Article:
Isoscapes pp 299-318 | Cite as

Using Isoscapes to Trace the Movements and Foraging Behavior of Top Predators in Oceanic Ecosystems

  • Brittany S. GrahamEmail author
  • Paul L. Koch
  • Seth D. Newsome
  • Kelton W. McMahon
  • David Aurioles


The stable isotope composition of animal tissues can provide intrinsic tags to study the foraging and migratory ecology of predators in the open ocean. Chapter 13 (this volume) demonstrated that by comparing the isotope values of an animal and its local prey or environment, the animal’s movements can be estimated, given that isotopic variation exists between habitats. The utility of using geographical variations in stable isotopes values, or isoscapes to study the movements of marine predators has been limited because of our lack of knowledge on the spatial variation of the carbon, nitrogen, and oxygen isotope values in the open ocean.

In this chapter, we review the spatial patterns in the carbon and nitrogen values of primary producers in the oceans and broadly discuss mechanisms that set the isotopic composition at the base of marine food webs. We then discuss how spatial patterns in baseline and predator isotope values can be used to examine the movements and foraging behavior in two groups of marine predators, pinnepids and tropical tuna. These two case studies demonstrate that ocean isoscapes are a promising tool to investigate population-level movements and foraging behavior of elusive predators, but this method has limitations and will not achieve the fine-spatial resolution obtained with electronic tags and instrumentation. Furthermore, the construction and application of ocean isoscapes is still in its early development and requires knowledge about the physiology and behavior of the predator, an understanding of the temporal and spatial stability of the isotopic baseline, and validation with independent datasets.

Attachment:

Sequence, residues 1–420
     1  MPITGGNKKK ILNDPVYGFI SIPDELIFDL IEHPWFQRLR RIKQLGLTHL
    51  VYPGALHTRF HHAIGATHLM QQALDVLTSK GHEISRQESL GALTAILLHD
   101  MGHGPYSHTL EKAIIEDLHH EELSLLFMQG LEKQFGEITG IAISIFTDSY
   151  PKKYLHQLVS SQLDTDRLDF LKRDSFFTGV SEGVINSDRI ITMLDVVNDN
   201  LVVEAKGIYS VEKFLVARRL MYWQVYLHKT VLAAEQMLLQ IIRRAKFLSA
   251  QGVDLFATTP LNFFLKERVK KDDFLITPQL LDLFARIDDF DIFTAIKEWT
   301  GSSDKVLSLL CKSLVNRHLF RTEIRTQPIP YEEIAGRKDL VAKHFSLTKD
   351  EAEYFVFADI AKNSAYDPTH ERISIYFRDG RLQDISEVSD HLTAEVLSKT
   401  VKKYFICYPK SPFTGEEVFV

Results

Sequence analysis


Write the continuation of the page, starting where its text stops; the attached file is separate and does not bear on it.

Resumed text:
Harbor Seal Elephant Seal Equatorial Pacific Ocean Marine Predator Northern Elephant Seal 
These keywords were added by machine and not by the authors. This process is experimental and the keywords may be updated as the learning algorithm improves.



We thank B. Fry, B. Popp, R. Olson, V. Allain, F. Galvan, A. Lorrain, and J. Sibert for invaluable and continual support of the tuna research. Tuna research and BSG were funded by the Cooperative Agreement NA17RJ1230 between the Joint Institute for Marine and Atmospheric Research (JIMAR) and the National Oceanic and Atmospheric Administration (NOAA) to the Pelagic Fisheries Research Program. Marine mammal work was funded by NSF Grants EAR-0000895 and OCE-0345943, as well as by a grant from UCMEXUS.


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Copyright information

© Springer Science+Business Media B.V. 2010

Authors and Affiliations

  • Brittany S. Graham
    • 1
    • 6
    Email author
  • Paul L. Koch
    • 2
  • Seth D. Newsome
    • 3
  • Kelton W. McMahon
    • 4
  • David Aurioles
    • 5
  1. 1.Department of OceanographyUniversity of Hawai’iHonoluluUSA
  2. 2.Dept. of Earth & Planetary SciencesUniversity of CaliforniaSanta CruzUSA
  3. 3.Geophysical LaboratoryCarnegie Institution of WashingtonWashingtonUSA
  4. 4.MIT-WHOI Joint Program in Biological Oceanography, Woods Hole Oceanographic InstitutionWoods HoleUSA
  5. 5.Centro Interdisciplinario de Ciencias Marinas, Instituto Politécnico NacionalLa Paz Baja California SurMexico
  6. 6.Stable Isotopes in Nature Laboratory (SINLAB), Canadian Rivers InstituteUniversity of New BrunswickFrederictonCanada

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